Choose Your Own Adventure! Part 2

Edit: Part 2b has been posted and can be found here.

This particular story follows in the footsteps of the previous CYOA which I published on this blog.  It should be perfectly legible and entertaining without having read / played through the first one, but those of you that like knowing a little bit more about what’s going on should try the other one first.  As with the previous one, you’ll have to make a little effort not to read ahead.  But if you keep your eyes on the topmost section of text and click the links as you see fit, you’ll do fine!

Another important note: this was originally going to continue both sides of the the previous story.  I’ve pared it down to just one of them to give myself more time with the other half, but even so this may be longer than the first installment.

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Last you knew, a knight had ordered that wretched man named Hurly to pick you up and carry you off…

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First it was whatever you got at home, then, up until yesterday, it was whatever you grabbed going to and from the library.  Usually ramen, or maybe peanut butter and jelly.  Cooking for these creeps will just get you killed offhand, like the groom, Dustin, said happened to the last cook.  When you have a clear moment, you set off away from the camp.  You tell them that you’re going out “foraging.”  But something must have tipped them off, because before you’re even out of sight of the camp you can hear some of the men-at-arms riding after you.  No one is wearing the heavy armor of a knight, but that’s scant comfort when they cut you down where you stand and leave you to die on the edge of a field.  They didn’t even bother with a trial, the monsters.  You hear them laughing as you bleed out, “I guess we’ll need another cook!”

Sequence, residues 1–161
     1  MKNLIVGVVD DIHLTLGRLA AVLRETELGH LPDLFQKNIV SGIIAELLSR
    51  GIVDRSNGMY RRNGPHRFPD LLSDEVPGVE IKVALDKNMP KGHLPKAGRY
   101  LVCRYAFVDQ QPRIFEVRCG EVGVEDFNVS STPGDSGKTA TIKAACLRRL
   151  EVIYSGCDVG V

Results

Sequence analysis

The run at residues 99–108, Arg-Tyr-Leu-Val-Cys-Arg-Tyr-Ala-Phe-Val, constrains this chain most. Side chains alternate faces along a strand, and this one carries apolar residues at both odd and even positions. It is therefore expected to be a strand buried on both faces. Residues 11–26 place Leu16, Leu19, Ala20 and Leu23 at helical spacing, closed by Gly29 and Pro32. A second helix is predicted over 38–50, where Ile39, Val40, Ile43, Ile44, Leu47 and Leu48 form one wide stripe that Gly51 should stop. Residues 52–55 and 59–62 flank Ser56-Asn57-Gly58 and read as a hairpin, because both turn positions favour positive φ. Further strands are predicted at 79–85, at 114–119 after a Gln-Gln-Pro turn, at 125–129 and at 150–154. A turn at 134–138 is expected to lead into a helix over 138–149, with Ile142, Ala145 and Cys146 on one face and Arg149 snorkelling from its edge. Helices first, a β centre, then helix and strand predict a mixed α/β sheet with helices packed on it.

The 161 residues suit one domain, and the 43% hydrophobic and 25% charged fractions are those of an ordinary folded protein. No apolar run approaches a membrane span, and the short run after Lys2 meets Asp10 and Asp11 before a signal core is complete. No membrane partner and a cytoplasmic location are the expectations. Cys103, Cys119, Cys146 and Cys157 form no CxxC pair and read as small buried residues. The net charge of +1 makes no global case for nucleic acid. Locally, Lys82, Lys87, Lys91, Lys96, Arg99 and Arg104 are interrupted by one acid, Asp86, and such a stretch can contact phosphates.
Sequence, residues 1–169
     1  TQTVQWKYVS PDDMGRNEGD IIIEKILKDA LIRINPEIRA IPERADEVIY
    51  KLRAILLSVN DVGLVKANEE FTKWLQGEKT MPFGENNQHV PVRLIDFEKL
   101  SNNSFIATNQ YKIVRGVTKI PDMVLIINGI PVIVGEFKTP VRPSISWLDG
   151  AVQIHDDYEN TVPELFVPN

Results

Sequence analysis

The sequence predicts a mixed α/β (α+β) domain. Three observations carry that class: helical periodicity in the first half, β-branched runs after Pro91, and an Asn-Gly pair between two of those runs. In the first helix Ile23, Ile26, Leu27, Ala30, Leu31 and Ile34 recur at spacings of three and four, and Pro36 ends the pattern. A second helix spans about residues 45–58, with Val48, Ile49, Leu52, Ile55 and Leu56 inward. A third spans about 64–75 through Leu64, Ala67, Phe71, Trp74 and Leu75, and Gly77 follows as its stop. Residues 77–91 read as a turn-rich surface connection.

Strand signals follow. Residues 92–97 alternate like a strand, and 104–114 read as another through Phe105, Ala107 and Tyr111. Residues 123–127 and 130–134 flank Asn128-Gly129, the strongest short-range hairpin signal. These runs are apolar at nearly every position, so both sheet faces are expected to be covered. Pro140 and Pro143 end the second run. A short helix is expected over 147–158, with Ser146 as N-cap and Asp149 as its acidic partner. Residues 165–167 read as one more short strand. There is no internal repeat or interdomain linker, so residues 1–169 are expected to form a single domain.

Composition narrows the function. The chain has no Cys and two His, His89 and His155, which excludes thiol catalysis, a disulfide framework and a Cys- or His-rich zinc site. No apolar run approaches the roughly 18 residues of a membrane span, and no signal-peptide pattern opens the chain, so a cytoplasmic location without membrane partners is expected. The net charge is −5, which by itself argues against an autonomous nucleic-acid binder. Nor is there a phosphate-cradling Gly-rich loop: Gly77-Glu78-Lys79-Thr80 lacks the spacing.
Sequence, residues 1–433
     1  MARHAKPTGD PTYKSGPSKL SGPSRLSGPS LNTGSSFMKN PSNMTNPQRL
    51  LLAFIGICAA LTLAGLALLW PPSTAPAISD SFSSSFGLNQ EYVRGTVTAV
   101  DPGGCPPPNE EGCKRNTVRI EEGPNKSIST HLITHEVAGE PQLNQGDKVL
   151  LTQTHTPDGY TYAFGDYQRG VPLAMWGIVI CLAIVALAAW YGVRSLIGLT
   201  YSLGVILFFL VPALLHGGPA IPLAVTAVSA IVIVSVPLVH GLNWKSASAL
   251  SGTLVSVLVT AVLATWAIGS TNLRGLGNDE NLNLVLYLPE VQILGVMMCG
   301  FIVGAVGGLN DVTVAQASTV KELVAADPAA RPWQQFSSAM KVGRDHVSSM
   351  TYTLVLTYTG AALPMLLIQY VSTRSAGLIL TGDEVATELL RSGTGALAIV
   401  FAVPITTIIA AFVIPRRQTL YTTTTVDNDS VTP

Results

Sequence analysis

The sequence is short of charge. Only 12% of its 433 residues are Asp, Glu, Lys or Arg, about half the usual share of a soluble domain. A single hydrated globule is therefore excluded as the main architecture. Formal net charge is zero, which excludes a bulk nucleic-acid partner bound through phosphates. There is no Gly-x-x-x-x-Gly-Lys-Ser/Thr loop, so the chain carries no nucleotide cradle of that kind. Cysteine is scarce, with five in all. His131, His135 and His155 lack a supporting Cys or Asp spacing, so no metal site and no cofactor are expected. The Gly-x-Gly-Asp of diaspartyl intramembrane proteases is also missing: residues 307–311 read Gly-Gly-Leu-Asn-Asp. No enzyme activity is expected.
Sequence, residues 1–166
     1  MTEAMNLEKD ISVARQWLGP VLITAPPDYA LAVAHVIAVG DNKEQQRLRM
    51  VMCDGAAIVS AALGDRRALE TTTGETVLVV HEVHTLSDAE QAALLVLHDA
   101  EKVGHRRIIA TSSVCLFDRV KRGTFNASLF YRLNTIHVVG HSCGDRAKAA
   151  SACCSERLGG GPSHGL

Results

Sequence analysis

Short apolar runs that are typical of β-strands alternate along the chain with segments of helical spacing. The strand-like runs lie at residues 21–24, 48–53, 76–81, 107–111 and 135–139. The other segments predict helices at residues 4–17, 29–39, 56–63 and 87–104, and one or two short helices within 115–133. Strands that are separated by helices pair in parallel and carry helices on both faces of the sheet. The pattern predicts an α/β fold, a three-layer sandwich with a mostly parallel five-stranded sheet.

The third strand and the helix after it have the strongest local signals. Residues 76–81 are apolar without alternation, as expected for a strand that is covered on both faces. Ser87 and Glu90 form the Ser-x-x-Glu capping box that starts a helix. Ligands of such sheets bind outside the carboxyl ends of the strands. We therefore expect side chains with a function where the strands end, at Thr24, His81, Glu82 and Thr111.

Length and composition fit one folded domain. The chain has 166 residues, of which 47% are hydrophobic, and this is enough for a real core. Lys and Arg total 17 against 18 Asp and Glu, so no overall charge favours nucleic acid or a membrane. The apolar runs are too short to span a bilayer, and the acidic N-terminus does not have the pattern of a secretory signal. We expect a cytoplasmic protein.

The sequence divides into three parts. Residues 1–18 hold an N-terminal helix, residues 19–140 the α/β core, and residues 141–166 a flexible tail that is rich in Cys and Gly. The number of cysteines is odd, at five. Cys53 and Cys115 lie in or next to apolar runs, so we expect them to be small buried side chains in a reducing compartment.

Maybe you’d like to try that again?

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You set to work.  There’s plenty to be had from the wagons, even if most of it is pretty bad quality.  You’ve never had to pluck a chicken before, but you yell at a few of the other servants and they quickly settle down to helping you with your work.

a) You play it safe.  Maybe you can give them something just enough better that you won’t be punished, and won’t catch too much attention.

b) You could always really go all out and try to impress them.  If you do well enough, you could really set yourself up here and have a decent life.  Being a servant isn’t the best, but being a knight’s favorite cook is a damn sight better than being a run-of-the-mill nobody.

c) Screw these guys!  They’re living embodiments of the all the tyrannical feudal nonsense that we left behind centuries ago.  They want you to make them food?  How about they choke on it?  Choke to death, that is.

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Ever since that man-at-arms Hurly took you back to the camp, you’ve been kept with all the other servants and members of the baggage train.  It is one of the dirtiest, messiest, filthiest things you’ve ever seen.  They’ve clearly never heard of sanitation, and if you had to guess you’d say that bathing was seen as devil worship.  And now they expect you to cook and clean for them.  The cleaning should be a snap, since they clearly don’t have very high standards, but cooking?